Tuesday, June 20, 2023

Lincoln's part in the story

 It all began with agriculture; as the urban areas began to grow, so they needed more food. Equally as rural dwellers moved to take industrial jobs, so farmers needed mechanised help.

Lincolnshire’s problem was mud. Put a steam traction engine on a field and it would get stuck under its weight. The ploughing answer was to use a static engine and then with a rope drag the plough across the field.

The pragmatic engineers of the county stuck with what worked. We can see this in the catalogue of the Great Exhibition of 1851 where I spotted Clayton and Shuttleworth with 'an improved registered grinding mill for all grain and an improved combined threshing, shaking, riddling and blowing machine’ and Richard Hornsby with his steam engine. Hornsby did not invent the steam engine, that belongs to Newcomen, Blenkinsop, Hackworth and Watt, but he developed it so successfully that, 'for some years, he had a virtual monopoly in its manufacture’.

Marshalls and Robey both entered the field in the forties with steam engines. Marshalls would go on to manufacture tractors, famously the Field-Marshall. Robey appears at the Glasgow exhibition of 1901 with electricity generation with a horizontal cross-compound engine powering a Mavor & Coulson dynamo producing 350 kw at 550 volts.

Ruston and Proctor came together after the Exhibition giving Joseph Ruston the vehicle needed for his entrepreneurial flare. There is a book titled One Hundred Years of Good Company which tells the story of Rustons with a little fictional narrative alongside the harder history. The book includes an account of Ruston travelling to Russia to sell them steam pumps to drain the land ready to plant grain. Being an entrepreneur always with an eye to an opportunity, Ruston heard that a man nearby wanted to pump oil out of the ground; what better than a Rustons pump. That man’s mainstream business was trading in Shells – the rest as they say is history.

Rustons and Hornsby later came together and the Rustons book suggests that Ruston and Hornsby can lay claim to the first ‘diesel’ engine – indeed before diesel. These spread around the globe frequently for electricity generation as in lighthouses.

But back to mud and Richard Hornsby pre-Ruston. In 1908, Hornsby produced a 70 hp. vehicle that ran on chain tracks, and it was demonstrated at the Royal Review showing how well it could cross soft muddy ground; the Prince of Wales was said to have been impressed. Sadly Lincolnshire farmers were not convinced and Hornsby sold his patent to the Holt Company in the USA. This company later adopted the name Caterpillar.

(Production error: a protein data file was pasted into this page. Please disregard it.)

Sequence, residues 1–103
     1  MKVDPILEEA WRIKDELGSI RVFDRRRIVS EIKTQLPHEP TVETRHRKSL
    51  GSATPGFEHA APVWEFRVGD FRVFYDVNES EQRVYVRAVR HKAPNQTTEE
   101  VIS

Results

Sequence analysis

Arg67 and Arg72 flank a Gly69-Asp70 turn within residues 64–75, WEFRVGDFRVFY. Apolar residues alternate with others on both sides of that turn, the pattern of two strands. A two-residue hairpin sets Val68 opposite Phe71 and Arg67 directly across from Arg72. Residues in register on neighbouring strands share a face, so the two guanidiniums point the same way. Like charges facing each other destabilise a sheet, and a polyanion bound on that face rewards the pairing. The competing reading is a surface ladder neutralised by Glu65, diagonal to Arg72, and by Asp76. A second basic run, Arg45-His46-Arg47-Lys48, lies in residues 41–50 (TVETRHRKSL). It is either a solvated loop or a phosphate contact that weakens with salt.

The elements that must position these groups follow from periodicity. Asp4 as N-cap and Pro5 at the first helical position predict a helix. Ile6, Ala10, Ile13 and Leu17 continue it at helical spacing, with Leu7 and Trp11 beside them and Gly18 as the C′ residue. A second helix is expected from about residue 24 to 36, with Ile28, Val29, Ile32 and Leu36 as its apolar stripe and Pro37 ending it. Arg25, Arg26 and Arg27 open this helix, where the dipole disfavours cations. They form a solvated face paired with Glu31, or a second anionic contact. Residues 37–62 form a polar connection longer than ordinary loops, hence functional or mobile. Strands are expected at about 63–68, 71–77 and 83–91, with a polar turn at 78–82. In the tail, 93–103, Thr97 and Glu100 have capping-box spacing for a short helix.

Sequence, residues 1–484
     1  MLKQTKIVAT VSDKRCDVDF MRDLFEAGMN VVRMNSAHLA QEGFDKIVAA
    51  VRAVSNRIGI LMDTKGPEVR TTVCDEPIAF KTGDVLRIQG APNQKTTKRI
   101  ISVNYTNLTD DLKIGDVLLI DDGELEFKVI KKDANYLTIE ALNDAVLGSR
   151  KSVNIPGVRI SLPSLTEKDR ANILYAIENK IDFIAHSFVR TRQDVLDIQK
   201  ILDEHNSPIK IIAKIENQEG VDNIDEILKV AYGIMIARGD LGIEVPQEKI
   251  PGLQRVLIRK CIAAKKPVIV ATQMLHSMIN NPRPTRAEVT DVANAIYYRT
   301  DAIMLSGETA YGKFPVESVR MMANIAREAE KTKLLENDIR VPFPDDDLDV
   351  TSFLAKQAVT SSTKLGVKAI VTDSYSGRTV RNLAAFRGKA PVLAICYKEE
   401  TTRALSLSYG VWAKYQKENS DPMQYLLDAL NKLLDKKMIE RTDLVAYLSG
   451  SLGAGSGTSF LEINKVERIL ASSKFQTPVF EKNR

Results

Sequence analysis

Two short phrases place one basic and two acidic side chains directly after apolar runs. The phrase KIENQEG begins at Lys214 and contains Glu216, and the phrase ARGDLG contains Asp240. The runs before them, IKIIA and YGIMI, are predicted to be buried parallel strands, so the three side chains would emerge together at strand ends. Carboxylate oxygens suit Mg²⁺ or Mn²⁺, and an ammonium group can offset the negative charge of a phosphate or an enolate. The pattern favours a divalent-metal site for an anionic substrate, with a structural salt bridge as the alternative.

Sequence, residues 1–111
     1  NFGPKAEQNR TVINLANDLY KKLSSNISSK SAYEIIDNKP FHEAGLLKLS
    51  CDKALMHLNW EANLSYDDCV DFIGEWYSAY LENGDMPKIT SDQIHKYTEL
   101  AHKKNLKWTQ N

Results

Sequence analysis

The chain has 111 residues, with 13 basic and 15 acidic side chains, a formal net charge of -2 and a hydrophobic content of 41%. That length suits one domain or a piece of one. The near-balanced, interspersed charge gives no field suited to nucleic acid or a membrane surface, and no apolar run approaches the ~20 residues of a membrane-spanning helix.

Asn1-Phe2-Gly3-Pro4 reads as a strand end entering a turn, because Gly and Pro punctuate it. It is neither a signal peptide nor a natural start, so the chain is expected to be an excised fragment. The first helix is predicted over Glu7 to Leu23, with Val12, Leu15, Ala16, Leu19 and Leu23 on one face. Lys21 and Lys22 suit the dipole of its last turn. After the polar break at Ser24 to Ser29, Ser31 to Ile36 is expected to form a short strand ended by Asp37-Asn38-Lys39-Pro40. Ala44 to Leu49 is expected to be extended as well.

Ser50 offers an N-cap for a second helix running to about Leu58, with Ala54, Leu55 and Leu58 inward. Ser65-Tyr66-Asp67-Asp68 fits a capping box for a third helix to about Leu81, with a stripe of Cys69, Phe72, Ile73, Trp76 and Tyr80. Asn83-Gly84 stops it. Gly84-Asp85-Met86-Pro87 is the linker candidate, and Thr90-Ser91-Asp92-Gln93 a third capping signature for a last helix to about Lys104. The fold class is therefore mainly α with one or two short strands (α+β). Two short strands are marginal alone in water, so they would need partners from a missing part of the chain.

The track technology was of course used by William Tritton in the tank. Lincoln. like the rest of the country leant its shoulder to the war effort in two world wars. Sopwith Aviation, of Kingston upon Thames, is perhaps the most iconic of the First World War aircraft makers, and the Sopwith Camel fighter the most successful fighter, with some 5,825 built. Many were subcontracted, with over one thousand being built by Ruston & Proctor in Lincoln, with further examples produced by fellow Lincoln engineering companies, Robey & Co and Clayton & Shuttleworth. Claytons also made the Handley Page O/400.

The jet-engine-powered aircraft was perhaps the greatest engineering development of WW2. It also found spectacular use as gas turbines powering the then new oil industry. I was privileged to meet the managing director of Ruston Gas Turbines for twenty five years and he told me how the team in Lincoln, working under Bob Feilden with a watchful eye from Frank Whittle, developed the gas turbine with encouragement from Arnold Weinstock of Ruston’s then owner, GEC. Rustons gas turbines were used by 80% of the world’s oil industry.

In Lincoln, there was also a timber fabrication company whose building was taken over by AEI and then GEC and became home to British semiconductor manufacture. Now, as Dynex, it is a leading manufacturer of complex power semiconductors. A former finance director suggested to me that had Weinstock been braver it could now be a mass producer of semiconductors. Plus ca change.

The University of Lincoln is now home to one of the newest departments of engineering supported by Siemens, the current owners of the Rustons business.



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